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Disability employment and pay gaps 2019

TUC proposals for legislative and workplace change
Author
Quinn Roache
Policy Officer
Report type
Research and reports
Issue date
Key findings

Disabled people experience significant barriers to getting and keeping jobs. This results in an employment gap of around 30 per cent. But this report shows that disabled people face double discrimination. Not only are they less likely to have a paid job but when they do, disabled people earn substantially less than their non-disabled peers.

This pay gap is a major contributing factor to the financial stress experienced by disabled workers. The current glacial pace of change cannot be allowed to continue. And rather than showing any signs of improvement, the disability pay gap has increased over the last 12 months by 0.3 percentage points.

The government must take steps to ensure that disabled people who want to work are able to do so. It needs to act now to tackle these concerning trends. Introducing mandatory pay gap reporting, alongside mandatory action plans, and moving away from ineffective voluntary approaches needs to be an immediate priority.

This report looks primarily at the disability pay gap, which is the difference between the average hourly pay of disabled and non-disabled people, building on TUC research published in 2018.

The report also examines the disability employment gap, which is the difference between the employment rates of disabled and non-disabled people, and considers the impact of financial stress on disabled workers. Disabled people have significantly lower employment rates then non-disabled people. While the gap has narrowed, there has only been a very slight improvement of less than one percentage point over the past year. More needs to be done to ensure that disabled people who want to work are able to do so.

Disabled people experience significant barriers to getting and keeping jobs. This results in an employment gap of around 30 per cent. But this report shows that disabled people face double discrimination. Not only are they less likely to have a paid job but when they do, disabled people earn substantially less than their non-disabled peers.

Disabled workers experience a pay gap of 15.5 per cent, earning £1.65 less an hour on average which equates to £3,003 less a year. This pay gap is a major contributing factor to the financial stress experienced by disabled workers. The current glacial pace of change cannot be allowed to continue. And rather than showing any signs of improvement, the disability pay gap has increased over the last 12 months by 0.3 percentage points.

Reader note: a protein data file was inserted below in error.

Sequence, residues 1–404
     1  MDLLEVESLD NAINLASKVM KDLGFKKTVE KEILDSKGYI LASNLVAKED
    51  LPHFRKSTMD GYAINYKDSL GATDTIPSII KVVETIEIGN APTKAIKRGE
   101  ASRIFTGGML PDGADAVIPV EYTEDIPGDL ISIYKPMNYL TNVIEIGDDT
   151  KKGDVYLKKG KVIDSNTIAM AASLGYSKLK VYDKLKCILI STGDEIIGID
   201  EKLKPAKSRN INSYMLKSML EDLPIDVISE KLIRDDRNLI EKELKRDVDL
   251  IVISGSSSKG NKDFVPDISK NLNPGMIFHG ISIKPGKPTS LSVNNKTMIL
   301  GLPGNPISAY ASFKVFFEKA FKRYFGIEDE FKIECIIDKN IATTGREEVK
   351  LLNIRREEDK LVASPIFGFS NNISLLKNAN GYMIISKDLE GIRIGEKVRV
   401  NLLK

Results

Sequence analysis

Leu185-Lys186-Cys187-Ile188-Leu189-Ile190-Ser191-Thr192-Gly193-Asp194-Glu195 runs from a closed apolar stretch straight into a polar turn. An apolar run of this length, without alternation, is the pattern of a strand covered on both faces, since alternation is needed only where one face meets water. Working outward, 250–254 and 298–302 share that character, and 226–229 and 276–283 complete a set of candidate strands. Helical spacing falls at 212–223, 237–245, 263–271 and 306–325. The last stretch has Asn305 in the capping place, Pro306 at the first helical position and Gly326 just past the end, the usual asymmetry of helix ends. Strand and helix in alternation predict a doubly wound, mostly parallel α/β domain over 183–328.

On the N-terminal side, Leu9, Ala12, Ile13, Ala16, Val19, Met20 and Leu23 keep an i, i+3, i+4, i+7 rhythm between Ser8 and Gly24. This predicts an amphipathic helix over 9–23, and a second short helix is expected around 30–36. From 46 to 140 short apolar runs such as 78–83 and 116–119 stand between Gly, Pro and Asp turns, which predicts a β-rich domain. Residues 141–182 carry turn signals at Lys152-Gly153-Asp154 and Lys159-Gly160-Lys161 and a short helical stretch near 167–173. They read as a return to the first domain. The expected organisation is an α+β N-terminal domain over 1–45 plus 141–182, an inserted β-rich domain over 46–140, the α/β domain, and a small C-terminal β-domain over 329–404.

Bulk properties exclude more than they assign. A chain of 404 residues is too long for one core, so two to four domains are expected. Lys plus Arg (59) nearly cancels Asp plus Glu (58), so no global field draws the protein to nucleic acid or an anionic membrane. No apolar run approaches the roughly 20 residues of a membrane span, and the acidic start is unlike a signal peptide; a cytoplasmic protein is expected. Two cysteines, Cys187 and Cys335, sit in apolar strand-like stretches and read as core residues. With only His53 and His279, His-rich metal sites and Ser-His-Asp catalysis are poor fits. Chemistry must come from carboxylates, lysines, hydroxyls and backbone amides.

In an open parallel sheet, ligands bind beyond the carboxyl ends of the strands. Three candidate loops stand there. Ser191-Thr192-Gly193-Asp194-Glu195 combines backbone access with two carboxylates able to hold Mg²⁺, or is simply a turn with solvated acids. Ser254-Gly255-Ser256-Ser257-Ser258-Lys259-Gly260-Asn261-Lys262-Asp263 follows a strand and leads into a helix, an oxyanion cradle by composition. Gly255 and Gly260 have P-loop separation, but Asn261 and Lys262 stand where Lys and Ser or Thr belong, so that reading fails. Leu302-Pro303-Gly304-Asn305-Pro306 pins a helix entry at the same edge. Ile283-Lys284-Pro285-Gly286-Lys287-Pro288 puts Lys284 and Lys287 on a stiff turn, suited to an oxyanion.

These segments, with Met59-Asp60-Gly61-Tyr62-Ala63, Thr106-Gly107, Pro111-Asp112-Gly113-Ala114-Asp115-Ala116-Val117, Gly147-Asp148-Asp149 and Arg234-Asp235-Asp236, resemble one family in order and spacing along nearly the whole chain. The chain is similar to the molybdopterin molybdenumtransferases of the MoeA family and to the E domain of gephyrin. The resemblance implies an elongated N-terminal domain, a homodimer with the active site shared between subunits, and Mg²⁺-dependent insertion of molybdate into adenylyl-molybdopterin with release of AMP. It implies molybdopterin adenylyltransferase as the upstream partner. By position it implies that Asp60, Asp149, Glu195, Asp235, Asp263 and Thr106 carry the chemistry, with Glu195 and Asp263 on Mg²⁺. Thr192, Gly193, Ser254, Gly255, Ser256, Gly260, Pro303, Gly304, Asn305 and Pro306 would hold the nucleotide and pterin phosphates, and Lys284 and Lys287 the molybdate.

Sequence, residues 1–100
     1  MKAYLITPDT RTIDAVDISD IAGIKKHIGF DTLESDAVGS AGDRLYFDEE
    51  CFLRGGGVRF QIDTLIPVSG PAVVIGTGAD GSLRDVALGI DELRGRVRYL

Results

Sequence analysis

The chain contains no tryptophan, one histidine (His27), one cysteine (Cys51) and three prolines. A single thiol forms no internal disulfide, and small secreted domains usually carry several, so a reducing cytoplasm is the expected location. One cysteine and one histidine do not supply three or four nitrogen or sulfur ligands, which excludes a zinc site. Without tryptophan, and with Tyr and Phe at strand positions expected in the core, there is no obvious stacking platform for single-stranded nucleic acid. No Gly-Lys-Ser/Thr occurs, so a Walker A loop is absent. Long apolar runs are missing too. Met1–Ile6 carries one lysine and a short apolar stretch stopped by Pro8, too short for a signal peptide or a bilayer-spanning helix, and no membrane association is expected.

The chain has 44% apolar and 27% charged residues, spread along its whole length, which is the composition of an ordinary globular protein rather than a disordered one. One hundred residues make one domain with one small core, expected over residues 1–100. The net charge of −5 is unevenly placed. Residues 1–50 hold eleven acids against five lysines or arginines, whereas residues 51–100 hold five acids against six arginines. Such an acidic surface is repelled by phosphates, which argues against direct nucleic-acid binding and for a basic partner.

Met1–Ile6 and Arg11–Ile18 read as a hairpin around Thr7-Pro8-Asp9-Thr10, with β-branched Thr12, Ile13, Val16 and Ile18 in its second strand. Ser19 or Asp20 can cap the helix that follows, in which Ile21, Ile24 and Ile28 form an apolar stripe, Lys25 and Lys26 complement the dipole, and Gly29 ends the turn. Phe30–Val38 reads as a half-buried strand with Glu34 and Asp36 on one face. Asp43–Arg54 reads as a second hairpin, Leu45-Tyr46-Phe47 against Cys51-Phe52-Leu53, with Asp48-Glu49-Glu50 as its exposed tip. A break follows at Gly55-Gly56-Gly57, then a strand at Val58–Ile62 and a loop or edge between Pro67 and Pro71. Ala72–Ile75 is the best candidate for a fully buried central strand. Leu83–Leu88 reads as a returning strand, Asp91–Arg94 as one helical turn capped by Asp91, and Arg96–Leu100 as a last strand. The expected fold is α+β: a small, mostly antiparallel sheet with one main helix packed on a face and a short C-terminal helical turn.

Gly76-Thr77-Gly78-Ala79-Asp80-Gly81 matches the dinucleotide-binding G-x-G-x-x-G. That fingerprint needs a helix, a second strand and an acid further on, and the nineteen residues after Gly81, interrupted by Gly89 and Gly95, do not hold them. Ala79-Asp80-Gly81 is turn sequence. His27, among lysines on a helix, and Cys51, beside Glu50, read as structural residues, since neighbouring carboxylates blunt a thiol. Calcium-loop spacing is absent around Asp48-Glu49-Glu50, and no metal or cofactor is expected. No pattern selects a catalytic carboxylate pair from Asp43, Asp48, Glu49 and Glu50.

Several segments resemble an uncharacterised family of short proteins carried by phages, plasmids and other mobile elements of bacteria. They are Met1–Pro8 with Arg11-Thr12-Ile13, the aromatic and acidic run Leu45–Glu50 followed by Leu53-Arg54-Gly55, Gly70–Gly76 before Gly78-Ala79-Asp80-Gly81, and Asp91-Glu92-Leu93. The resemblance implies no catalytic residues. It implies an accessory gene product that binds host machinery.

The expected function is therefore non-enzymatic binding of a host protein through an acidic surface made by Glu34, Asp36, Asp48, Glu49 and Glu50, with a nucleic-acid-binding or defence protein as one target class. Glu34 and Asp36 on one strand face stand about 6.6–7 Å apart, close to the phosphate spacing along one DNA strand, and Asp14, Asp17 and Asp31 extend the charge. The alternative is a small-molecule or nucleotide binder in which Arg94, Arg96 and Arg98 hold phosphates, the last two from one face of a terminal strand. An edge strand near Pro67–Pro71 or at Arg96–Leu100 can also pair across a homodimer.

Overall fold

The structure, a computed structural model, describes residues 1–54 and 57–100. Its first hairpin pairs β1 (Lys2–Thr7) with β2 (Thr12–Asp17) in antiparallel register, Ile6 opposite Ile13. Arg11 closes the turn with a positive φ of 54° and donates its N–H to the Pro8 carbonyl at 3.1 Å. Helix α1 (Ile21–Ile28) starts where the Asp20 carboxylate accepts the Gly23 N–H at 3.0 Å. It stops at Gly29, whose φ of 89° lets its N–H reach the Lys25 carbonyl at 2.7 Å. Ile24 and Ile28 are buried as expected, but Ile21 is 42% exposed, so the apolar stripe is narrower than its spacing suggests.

Disabled women continue to face the most significant pay gaps of all, higher than those faced by both disabled men and non-disabled women. This highlights the importance of employers taking an intersectional approach when tackling their gender pay gaps. Gender pay gap action plans should take account of the specific steps required to address the barriers experienced by disabled women in accessing, remaining in and progressing at work.

The low pay which results from the disability pay gap makes disabled workers more likely to be negatively affected by financial stress than non-disabled workers. Disabled workers are more likely than their non-disabled peers to have to go without basic amenities, such as heating on a cold day or food, when they are short on money and are more likely to ask for outside assistance from charities because of the financial hardship they face.

The government must take steps to ensure that disabled people who want to work are able to do so. It needs to act now to tackle these concerning trends. We have seen how the power of transparency has begun to concentrate employers’ attention on tackling the gender pay gap. Public policy needs to be used to drive change on the disability pay gap too. Introducing mandatory pay gap reporting, alongside mandatory action plans, and moving away from ineffective voluntary approaches needs to be an immediate priority.

Throughout the report we refer to disability as defined within the Equality Act 2010. This sets out that people are disabled if they have a physical or mental impairment that has a ‘substantial’ and ‘long-term’ negative effect on their ability to do normal daily activities.